'Unlawful and wrong' - solitary confinement and isolation of young people in Victorian prison and youth justice centresDate posted:
Children and young people in Victorian prisons and youth justice systems are being damaged rather than rehabilitated through excessive use of isolation and separation, Victorian Ombudsman Deborah Glass has found.
During her inspection of three Victorian facilities – Port Phillip prison, Malmsbury Youth Justice Precinct and Secure Welfare Services – earlier this year, Ms Glass found practices that were incompatible with local and international human rights laws.
Tabling her inspection report in the Victorian Parliament today, Ms Glass said: “Legislation and official procedures acknowledge that children and young people should be isolated only as a last resort and for the minimum time necessary.
“But we found the procedures do not translate into practice.
“The direct impact is that many of the practices in both our youth justice and prison systems are likely to be contrary to law, incompatible with Victoria’s human rights legislation, oppressive, discriminatory or simply, wrong.”
At the adult Port Phillip prison – where there were about 170 young people aged 18-24 at the time of the inspection – Ms Glass found “an alarming number of instances of prolonged solitary confinement.
“In many cases we reviewed, the justification for separation seemed questionable and punitive,” she said.
“Young people were often separated for weeks in circumstances where there appeared to be little or no ongoing risk of harm to others; victims were separated for the same time as perpetrators; sometimes for months; and good behaviour did not appear to result in less separation.”
At Malmsbury, there were about 13,000 lockdowns (when a child or young person is isolated in the interests of ‘security of the centre’) during a 12-month period, with about 40 per cent attributed to staff shortages.
Ms Glass said it was disturbing to see a disproportionate use of isolation on Aboriginal young people, given it had been known for decades that Aboriginal prisoners subjected to solitary confinement suffer “extreme anxiety”.
Of the three facilities inspected, only the ‘out of home’ care provided by Secure Welfare Services at its Ascot Vale and Maribyrnong campuses appeared to use seclusion as a last resort.
“Comparing the three facilities, we found a direct correlation between the use and length of isolation practices, and the extent to which a facility recognised the harm caused by them,” Ms Glass said.
“The scientific evidence is compelling that young people, until around 25 years old, are still developing physically, mentally, neurologically and socially. It is why solitary confinement on children and young people poses such a serious risk of long-term harm.”
Ms Glass has made 27 recommendations to the state government, including that it legislatively prohibit solitary confinement, and review how young people are managed in the corrections system with a view to moving them out of mainstream Victorian prisons into a dedicated facility.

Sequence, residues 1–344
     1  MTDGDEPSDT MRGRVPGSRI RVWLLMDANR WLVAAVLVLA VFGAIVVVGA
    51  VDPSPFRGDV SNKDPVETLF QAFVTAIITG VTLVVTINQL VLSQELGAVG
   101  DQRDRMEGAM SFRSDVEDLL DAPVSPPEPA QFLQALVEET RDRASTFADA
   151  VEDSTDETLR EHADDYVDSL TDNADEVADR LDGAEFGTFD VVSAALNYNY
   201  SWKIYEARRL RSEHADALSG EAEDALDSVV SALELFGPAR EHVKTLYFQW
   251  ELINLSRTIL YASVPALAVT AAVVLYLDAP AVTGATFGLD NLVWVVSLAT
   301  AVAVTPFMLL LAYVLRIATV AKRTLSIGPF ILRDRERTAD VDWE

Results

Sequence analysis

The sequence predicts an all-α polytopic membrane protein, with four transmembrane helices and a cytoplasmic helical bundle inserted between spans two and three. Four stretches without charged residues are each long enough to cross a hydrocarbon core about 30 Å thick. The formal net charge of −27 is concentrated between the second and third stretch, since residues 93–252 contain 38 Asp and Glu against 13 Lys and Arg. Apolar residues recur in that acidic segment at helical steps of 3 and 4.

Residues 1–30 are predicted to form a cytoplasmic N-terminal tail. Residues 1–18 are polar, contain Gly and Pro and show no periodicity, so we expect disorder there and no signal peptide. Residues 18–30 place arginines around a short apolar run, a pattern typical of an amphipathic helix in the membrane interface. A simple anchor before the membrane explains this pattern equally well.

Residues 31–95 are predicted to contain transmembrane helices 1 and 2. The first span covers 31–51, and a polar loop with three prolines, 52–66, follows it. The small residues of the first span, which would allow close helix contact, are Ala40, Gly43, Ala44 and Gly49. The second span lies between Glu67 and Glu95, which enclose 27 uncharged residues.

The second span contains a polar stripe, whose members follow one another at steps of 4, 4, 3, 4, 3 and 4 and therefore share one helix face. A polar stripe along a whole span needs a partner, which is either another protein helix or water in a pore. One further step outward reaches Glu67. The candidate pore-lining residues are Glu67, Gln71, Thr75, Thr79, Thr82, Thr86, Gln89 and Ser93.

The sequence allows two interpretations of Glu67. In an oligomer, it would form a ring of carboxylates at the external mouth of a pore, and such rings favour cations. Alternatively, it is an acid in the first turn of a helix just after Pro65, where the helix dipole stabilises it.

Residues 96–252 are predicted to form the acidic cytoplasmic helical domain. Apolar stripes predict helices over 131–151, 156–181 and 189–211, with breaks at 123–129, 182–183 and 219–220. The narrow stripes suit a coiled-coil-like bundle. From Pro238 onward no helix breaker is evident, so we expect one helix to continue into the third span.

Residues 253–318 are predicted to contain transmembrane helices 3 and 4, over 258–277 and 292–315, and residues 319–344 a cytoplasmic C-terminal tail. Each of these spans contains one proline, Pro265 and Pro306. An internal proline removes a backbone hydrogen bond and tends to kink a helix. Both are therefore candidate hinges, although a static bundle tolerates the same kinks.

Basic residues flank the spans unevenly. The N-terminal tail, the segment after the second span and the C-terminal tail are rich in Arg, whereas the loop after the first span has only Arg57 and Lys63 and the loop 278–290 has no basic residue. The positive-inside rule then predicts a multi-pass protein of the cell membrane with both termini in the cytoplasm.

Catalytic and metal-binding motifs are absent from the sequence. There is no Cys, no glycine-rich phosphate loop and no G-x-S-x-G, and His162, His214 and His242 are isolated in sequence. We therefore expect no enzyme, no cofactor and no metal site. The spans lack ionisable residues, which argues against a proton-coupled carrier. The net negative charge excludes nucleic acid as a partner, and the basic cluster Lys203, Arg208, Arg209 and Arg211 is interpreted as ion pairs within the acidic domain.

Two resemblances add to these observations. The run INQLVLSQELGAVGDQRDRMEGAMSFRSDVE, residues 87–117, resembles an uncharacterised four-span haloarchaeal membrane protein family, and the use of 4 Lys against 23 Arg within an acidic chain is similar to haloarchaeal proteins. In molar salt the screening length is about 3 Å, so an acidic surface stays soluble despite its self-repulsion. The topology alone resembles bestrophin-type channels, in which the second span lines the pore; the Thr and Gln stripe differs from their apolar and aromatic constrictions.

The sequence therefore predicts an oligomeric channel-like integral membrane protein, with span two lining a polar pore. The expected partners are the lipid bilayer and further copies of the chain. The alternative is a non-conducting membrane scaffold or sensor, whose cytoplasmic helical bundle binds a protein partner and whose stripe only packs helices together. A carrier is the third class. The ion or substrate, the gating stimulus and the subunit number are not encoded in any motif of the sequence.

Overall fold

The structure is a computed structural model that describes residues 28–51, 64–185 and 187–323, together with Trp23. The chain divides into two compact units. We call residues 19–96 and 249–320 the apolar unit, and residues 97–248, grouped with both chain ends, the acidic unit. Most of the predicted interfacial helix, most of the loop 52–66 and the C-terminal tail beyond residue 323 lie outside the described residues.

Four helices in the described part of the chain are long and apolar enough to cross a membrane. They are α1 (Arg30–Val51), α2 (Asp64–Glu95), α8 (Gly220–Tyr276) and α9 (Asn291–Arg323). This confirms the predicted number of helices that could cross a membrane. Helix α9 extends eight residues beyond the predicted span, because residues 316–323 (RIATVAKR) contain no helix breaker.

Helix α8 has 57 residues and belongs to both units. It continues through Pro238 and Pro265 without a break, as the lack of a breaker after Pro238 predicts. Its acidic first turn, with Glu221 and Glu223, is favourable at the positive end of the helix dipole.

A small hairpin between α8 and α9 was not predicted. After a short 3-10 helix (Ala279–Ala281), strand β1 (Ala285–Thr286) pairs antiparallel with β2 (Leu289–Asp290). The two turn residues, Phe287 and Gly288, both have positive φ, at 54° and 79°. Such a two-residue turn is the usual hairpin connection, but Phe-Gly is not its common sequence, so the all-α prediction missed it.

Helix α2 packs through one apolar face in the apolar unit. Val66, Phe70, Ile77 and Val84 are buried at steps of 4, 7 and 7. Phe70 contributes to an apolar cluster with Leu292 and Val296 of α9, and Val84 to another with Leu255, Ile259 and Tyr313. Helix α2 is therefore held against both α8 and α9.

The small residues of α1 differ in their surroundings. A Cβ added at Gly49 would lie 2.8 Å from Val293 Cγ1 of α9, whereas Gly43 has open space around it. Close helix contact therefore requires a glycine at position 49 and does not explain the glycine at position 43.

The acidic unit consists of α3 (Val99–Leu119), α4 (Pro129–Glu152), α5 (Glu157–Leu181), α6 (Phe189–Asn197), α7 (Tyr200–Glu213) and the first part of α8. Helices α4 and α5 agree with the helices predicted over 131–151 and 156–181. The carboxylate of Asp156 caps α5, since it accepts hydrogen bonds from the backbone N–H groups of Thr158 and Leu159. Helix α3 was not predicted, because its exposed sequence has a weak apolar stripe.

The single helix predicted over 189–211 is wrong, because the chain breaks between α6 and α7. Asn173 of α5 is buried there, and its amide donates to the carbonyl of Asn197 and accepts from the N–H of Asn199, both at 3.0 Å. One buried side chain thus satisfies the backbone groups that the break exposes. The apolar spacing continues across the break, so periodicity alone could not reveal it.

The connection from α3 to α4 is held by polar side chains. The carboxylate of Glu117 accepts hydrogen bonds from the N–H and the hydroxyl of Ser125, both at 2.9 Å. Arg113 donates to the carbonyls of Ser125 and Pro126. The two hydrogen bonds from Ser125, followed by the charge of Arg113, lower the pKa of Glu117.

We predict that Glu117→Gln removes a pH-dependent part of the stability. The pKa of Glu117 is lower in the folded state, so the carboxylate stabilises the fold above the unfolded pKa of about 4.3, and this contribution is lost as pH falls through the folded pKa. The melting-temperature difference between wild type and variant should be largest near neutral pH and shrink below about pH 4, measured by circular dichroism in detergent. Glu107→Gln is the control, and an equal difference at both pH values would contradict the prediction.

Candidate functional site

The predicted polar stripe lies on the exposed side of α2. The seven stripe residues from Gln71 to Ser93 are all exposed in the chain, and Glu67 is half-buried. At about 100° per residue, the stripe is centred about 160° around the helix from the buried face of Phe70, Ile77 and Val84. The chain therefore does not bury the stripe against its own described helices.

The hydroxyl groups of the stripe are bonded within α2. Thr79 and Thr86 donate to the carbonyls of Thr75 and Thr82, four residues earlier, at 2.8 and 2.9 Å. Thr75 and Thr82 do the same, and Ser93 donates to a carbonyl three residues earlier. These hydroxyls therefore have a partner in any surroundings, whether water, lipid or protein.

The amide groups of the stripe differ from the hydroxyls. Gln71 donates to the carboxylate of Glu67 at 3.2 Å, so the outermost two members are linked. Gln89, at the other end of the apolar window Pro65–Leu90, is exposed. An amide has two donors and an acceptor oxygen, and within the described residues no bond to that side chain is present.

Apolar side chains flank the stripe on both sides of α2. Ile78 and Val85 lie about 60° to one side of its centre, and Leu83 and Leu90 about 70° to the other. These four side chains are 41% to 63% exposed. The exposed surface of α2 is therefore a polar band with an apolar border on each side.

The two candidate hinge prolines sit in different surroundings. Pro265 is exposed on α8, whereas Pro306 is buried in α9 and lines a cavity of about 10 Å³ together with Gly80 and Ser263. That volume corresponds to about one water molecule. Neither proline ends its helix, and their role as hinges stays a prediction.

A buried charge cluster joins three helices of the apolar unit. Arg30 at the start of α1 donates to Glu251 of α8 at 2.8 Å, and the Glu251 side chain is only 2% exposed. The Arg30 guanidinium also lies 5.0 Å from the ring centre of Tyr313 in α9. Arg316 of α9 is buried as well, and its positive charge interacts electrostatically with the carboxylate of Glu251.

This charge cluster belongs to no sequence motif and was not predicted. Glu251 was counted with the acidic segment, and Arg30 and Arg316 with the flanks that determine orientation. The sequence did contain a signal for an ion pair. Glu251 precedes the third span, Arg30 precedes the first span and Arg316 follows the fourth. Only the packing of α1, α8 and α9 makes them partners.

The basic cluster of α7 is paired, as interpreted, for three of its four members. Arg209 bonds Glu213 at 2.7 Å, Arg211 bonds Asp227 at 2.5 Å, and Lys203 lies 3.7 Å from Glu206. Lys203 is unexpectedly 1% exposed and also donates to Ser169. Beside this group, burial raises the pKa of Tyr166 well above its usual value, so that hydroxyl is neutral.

“It must be acknowledged that correctional facilities can be highly challenging and at times, dangerous places, both for detainees and staff.
“Children and young people can be irrational, volatile and unable to self-regulate, presenting behaviour that is more challenging and extreme than many adults.
“But it is time to look beyond the ‘tough on crime’ rhetoric to consider what will genuinely lead to safer communities and safer correctional facilities.
“We should ask ourselves: are we best served by a practice that promotes security over rehabilitation, and then provides neither?
“Smarter investment in both facilities and people should deliver far better returns than strengthened perimeter fencing.”
Ms Glass conducted her inspection against the rigorous standards of the United Nations Optional Protocol to the Convention against Torture and Other Cruel, Inhuman or Degrading Treatment or Punishment, known as OPCAT.
Australia ratified OPCAT in 2017 and postponed its obligation to establish a local inspection body for three years. In Victoria, this means the State Government will need to appoint its local inspection body or bodies by December 2020.
As part of her report tabled in Parliament, Ms Glass has recommended that her office, given its existing independence, jurisdiction and powers, be designated, supported by an Advisory Group of oversight bodies and civil society organisations.
In this investigation, she established and was greatly assisted by an Advisory Group including: the Public Advocate, the Commissioners for Children and Young People and for Aboriginal Children and Young People, Mental Health Complaints Commissioner, Health Complaints Commissioner, Victorian Equal Opportunity and Human Rights Commissioner, Jesuit Social Services, Human Rights Law Centre, Victorian Aboriginal Community Controlled Health Organisation, Victorian Aboriginal Legal Services, Disability Services Commissioner, RMIT University and the Independent Broad-based Anti-corruption Commission. In addition, Her Majesty’s Inspectorate of Prisons in the UK seconded his Lead Inspector for children and young people to assist the thematic inspection.
Facts and Figures
- The Ombudsman’s inspection of Port Phillip prison, Malmsbury Youth Justice Precinct and Secure Welfare Services (Ascot Vale and Maribyrnong) occurred over a total of 12 days in March and April 2019.
- Solitary confinement is when a person is isolated for 22 hours a day or more without meaningful human contact, as described in the United Nations’ Standard Minimum Rules for the Treatment of Prisoners (known as the Mandela rules).
- The term ‘solitary confinement’ is not used in Victorian legislation. The practices in Victoria that may lead or amount to solitary confinement include ‘isolation’ (in youth justice), ‘seclusion’ (in secure welfare) and ‘separation’ (in prison).